12. Indy said: April 20, 2010 at 11:48 pm

    You might consider using an EyeFi SD card card that will upload pictures over wifi so pictures can survive device catastrophe. You can purchase a pocket sized wifi network basestation and the EyeFi can talk directly to an iPhone or an Android phone, so two battery powered widgets in your pocket are all that is required. However, I know the first gen EyeFi cards had significant saving lag in pro cameras, so it’s worth investigating if that problem has been fixed in their later gen cards.

  13. Joe Zuniga said: April 21, 2010 at 6:43 am

    I think the most non-destructive way to fend off ‘would be maulers’ would be to tie in a couple of airhorns to the BeetleCam.

    The cost of finding a way to shoo away kitties with attitudes I think outweighs losing another camera, or worse, the memory card :(.

    Anyway, the photos were FANTASTIC!! Keep them coming.

  14. Kevin said: April 21, 2010 at 8:22 am

    I may be biased, but I think you should give the Olympus E-3 a go. It’s extremely rugged, being dust and moisture proof, and several of them can be had for the price of one 1D. Not to mention all their high-grade lenses are dust and moisture proof as well.

  15. Dr, Nicolas Rao said: April 21, 2010 at 11:59 am

    This is really exciting and amazing.
    Kudos on a great job and may all your efforts be blessed with great photos.
    I got the link from my photo Society’s yahoo group.
    It is very inspiring for us to hear of such things!
    You could perhaps check out our Photo Society at
    Nicolas Rao

  16. Markus said: April 21, 2010 at 1:51 pm

    What a brilliant project !
    But yes, that would be my question as well. how did you manage the camera controls? And, did you use an external meter? OR did you just shoot with an appropriate setting suiting the situation?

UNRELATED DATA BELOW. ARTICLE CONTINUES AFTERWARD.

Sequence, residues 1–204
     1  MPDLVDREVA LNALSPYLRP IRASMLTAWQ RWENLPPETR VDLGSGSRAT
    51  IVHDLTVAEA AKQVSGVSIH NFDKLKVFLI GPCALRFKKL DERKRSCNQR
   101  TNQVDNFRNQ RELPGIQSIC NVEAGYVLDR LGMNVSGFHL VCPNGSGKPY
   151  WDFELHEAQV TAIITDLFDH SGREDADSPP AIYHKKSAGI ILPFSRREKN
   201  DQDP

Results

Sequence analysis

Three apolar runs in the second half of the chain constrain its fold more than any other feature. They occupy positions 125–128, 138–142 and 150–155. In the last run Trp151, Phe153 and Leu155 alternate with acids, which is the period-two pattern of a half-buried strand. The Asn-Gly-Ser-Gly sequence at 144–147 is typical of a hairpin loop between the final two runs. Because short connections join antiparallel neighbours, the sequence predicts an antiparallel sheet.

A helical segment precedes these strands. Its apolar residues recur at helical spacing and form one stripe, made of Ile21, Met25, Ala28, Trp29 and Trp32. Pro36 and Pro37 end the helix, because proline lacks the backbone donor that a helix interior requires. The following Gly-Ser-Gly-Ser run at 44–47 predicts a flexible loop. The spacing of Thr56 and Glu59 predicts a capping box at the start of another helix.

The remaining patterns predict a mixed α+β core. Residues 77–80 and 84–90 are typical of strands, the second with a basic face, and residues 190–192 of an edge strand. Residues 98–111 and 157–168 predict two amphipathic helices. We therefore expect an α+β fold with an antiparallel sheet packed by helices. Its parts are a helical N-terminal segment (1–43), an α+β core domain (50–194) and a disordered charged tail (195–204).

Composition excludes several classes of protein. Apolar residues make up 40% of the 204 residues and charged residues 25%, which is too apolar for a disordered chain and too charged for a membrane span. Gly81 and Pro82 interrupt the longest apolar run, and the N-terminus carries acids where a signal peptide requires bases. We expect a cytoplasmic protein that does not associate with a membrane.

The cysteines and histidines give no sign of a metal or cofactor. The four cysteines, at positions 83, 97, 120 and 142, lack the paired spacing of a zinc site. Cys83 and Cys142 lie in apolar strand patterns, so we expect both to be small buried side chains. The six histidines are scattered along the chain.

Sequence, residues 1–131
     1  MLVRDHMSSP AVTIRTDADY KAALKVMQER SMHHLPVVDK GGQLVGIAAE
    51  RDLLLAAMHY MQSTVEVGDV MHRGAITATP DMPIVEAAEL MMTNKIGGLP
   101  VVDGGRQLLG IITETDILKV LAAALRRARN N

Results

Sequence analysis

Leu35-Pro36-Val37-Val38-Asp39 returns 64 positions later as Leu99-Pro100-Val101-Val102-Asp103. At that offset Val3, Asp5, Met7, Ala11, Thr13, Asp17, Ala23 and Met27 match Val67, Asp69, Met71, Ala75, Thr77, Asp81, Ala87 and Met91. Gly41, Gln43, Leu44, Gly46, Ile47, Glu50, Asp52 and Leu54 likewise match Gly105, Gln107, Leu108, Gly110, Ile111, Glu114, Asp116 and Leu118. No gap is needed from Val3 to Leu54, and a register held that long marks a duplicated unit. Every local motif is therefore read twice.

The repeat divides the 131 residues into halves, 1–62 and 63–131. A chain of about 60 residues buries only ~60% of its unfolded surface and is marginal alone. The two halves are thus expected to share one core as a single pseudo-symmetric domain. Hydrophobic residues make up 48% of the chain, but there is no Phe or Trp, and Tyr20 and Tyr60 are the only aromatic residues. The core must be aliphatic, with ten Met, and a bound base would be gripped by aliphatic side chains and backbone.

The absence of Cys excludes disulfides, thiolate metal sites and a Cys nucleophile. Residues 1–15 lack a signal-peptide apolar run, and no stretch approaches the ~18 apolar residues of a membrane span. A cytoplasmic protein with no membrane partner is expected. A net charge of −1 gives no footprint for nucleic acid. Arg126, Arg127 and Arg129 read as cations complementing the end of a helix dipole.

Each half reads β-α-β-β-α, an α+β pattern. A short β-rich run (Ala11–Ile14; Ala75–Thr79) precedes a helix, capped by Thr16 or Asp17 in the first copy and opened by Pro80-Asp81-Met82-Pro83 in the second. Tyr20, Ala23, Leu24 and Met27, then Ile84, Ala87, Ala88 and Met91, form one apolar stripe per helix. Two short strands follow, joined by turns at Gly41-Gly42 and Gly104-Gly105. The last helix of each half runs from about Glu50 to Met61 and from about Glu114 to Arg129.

A steel cage around the cam would prevent it from being damaged. I am sure you could position the flashes so you would not deal with shadows (that is the least problem here I suppose), but it would not prevent the camera from being carried away… 😉


  17. Val said: April 21, 2010 at 5:49 pm

    If you’re gonna jump on the cage and so on, you might think of a way to flip it back over. I would think they’re trying to avoid all those things, and save weight/battery life.

    Most of these animals would probably leave the camera alone, as long as it leaves them alone, kind of thing.

  18. Igor said: April 21, 2010 at 8:17 pm

    Next time use skunk odour to protect BeetleCam from lions)

  19. Joe said: April 22, 2010 at 6:21 am

    the Discovery Channel (I think) made one of these a few years back and got lions close up, ran with them, etc. you could do what they did, and put a rounded hard case around the whole thing with a hard flat bottom. It could still get flipped, but at least the camera would not be mauled.

  20. Clive said: April 22, 2010 at 4:30 pm

    awesome stuff!